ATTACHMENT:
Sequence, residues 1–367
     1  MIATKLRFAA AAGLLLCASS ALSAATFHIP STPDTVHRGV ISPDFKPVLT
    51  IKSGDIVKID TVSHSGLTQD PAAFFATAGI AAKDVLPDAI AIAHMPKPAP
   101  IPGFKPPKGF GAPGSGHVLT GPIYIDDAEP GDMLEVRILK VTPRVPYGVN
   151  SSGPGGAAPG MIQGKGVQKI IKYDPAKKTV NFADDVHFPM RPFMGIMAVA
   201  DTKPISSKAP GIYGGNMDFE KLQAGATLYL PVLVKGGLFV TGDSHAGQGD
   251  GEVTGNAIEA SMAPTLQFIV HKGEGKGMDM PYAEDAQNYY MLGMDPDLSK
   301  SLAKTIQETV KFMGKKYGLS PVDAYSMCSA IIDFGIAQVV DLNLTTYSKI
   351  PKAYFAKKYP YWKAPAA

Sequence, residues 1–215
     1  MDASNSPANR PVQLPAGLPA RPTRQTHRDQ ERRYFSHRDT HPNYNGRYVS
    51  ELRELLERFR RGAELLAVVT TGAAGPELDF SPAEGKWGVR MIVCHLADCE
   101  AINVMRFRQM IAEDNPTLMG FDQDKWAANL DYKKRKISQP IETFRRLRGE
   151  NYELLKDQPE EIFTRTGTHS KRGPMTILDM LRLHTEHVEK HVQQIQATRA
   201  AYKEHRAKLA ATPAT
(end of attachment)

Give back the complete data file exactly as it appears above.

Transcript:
Sequence, residues 1–367
     1  MIATKLRFAA AAGLLLCASS ALSAATFHIP STPDTVHRGV ISPDFKPVLT
    51  IKSGDIVKID TVSHSGLTQD PAAFFATAGI AAKDVLPDAI AIAHMPKPAP
   101  IPGFKPPKGF GAPGSGHVLT GPIYIDDAEP GDMLEVRILK VTPRVPYGVN
   151  SSGPGGAAPG MIQGKGVQKI IKYDPAKKTV NFADDVHFPM RPFMGIMAVA
   201  DTKPISSKAP GIYGGNMDFE KLQAGATLYL PVLVKGGLFV TGDSHAGQGD
   251  GEVTGNAIEA SMAPTLQFIV HKGEGKGMDM PYAEDAQNYY MLGMDPDLSK
   301  SLAKTIQETV KFMGKKYGLS PVDAYSMCSA IIDFGIAQVV DLNLTTYSKI
   351  PKAYFAKKYP YWKAPAA

Sequence, residues 1–215
     1  MDASNSPANR PVQLPAGLPA RPTRQTHRDQ ERRYFSHRDT HPNYNGRYVS
    51  ELRELLERFR RGAELLAVVT TGAAGPELDF SPAEGKWGVR MIVCHLADCE
   101  AINVMRFRQM IAEDNPTLMG FDQDKWAANL DYKKRKISQP IETFRRLRGE
   151  NYELLKDQPE EIFTRTGTHS KRGPMTILDM LRLHTEHVEK HVQQIQATRA
   201  AYKEHRAKLA ATPAT